Methamphetamine misuse is a common form of substance abuse affecting both men and women. Methamphetamine is a highly addictive drug that has a high potential for dependence. The consequences and risks associated with long-term use are detrimental to one’s health and can ultimately cause irreversible damage. When it comes to seeking treatment for methamphetamine addiction in Austin, a multi-faceted approach is often desirable.
Methamphetamine Addiction: What is Methamphetamine?
Methamphetamine is a potent and highly addictive drug that goes by many names. It is categorized as a Schedule II drug with a high potential for misuse and can lead to severe physical and psychological dependence. Some of the common alternate street names for methamphetamine include but are not limited to—crystal meth, speed, chalk, and ice. These names tend to denote the form of methamphetamine being used; for example, speed sometimes refers to the drug in powder form, while the term ice entails the drug being in a crystal or rock-like form.
The Addiction to Methamphetamine: Short-Term Effects of Meth on the Body
Methamphetamine is a powerful narcotic that primarily affects the central nervous system. A person who misuses methamphetamine may experience immediate effects such as :
- Euphoria and/or a sudden head rush.
- Decrease in appetite.
- Wakefulness and hyperactivity.
- Tachycardia (increased heart rate, which may be accompanied by an irregular heartbeat).
- Hyperthermia (Increase in body temperature).
It’s important to mention that the exact mechanism of action of methamphetamine is unclear; however, researchers speculate that consumption leads to a sudden and often substantial release of dopamine. Dopamine is a neurotransmitter that essentially acts on the reward and pleasure center of the brain. High dopamine levels often act as a catalyst in addiction—essentially teaching the brain to repeat the activity to gain pleasure.
Methamphetamine Addiction Rehabilitation: Long-Term Consequences of Meth Use
Unfortunately, methamphetamine addiction is a severe condition with life-threatening consequences. Chronic meth users may develop a wide range of symptoms, including:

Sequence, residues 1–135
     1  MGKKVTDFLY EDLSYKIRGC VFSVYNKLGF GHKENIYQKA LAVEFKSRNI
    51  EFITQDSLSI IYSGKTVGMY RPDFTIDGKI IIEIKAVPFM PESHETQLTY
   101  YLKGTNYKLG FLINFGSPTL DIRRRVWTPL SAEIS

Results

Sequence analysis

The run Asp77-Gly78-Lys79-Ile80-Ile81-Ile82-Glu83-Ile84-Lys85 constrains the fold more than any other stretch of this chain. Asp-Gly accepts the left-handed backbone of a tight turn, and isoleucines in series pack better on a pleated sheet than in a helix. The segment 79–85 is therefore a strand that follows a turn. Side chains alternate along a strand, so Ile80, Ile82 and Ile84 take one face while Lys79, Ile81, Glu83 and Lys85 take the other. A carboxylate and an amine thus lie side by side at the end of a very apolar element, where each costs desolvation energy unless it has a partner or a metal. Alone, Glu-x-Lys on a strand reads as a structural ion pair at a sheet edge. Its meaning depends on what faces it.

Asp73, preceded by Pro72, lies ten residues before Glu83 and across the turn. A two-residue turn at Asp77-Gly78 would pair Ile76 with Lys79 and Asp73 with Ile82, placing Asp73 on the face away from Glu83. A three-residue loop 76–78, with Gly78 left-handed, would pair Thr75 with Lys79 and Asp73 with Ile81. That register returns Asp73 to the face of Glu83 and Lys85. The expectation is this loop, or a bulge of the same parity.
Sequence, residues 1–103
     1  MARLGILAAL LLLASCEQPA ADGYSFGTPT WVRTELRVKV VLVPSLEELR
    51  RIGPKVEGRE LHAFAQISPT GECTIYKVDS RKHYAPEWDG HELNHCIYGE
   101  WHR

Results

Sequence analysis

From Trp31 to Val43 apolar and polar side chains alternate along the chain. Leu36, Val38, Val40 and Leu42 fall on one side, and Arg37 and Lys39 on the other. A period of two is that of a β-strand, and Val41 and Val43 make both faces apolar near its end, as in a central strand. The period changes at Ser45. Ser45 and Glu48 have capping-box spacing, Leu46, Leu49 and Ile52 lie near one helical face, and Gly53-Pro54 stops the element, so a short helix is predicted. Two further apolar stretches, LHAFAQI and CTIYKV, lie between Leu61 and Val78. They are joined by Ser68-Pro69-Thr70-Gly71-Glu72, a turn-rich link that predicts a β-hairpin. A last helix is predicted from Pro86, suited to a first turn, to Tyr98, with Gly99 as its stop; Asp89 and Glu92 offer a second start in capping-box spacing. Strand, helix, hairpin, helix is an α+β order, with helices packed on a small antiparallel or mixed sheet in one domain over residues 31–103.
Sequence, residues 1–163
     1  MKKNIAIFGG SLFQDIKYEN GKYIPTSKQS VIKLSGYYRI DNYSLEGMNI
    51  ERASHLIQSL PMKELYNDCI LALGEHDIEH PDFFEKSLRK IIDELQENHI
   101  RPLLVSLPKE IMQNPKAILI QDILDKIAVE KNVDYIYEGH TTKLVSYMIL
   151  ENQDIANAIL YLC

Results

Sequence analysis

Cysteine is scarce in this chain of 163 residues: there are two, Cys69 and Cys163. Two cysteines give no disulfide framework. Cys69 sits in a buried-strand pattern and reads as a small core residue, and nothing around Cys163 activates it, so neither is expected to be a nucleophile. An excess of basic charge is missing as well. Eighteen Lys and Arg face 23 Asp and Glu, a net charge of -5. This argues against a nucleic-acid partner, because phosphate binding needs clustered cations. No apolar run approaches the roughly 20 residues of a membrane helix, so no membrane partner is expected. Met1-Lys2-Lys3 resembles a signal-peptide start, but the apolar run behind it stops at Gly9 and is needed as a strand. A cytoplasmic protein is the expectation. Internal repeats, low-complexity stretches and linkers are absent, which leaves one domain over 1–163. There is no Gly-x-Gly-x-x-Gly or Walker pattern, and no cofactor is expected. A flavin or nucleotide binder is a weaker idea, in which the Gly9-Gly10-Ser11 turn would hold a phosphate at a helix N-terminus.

- Tooth decay and/or loss.
- Kidney and/or liver damage.
- Paranoia and aggressive behaviors.
- Hallucinations (auditory and visual).
- Memory loss and decline in cognitive function.
- Risk of acquiring infectious diseases such as HIV (AIDs), depending on the method of consumption.
Quitting Methamphetamine: What to Expect
Quitting ‘cold turkey’ is a term often used to describe when a person chooses to halt drug consumption suddenly and immediately. Unfortunately, quitting meth alone is not an easy task and should not be done without medical and professional intervention.
Methamphetamine withdrawal can include a wide range of symptoms, such as:
- Anxiety and increased irritability
- Psychosis and paranoia
Emerge Recovery TX: Methamphetamine Addiction Treatment in Austin
Women suffering from an addiction to methamphetamine may require extensive long-term treatment, often including a subset of behavioral therapy. At Emerge Recovery TX, we utilize innovative approaches to aid clients through each phase of their recovery. Our holistic approach is designed to support a woman’s mind, body, and spirit as they heal from trauma, addiction, and co-occurring disorders. Emerge Recovery TX offers a variety of treatment options that may be beneficial in treating methamphetamine addiction, including:
- Cognitive Behavioral Therapy: This type of focused psychotherapy involves helping clients to recognize mental triggers that may influence their necessity to use substances. Put simply, it is a type of therapy that aids clients in learning to identify triggers, manage behaviors, and maintain sobriety. This form of treatment is used to support long-term addiction recovery.
- ACT Therapy: Acceptance and commitment therapy—this form of therapy is designed to help clients understand their addiction in order to grow from it. ACT focuses on coping through mindfulness and self-acceptance.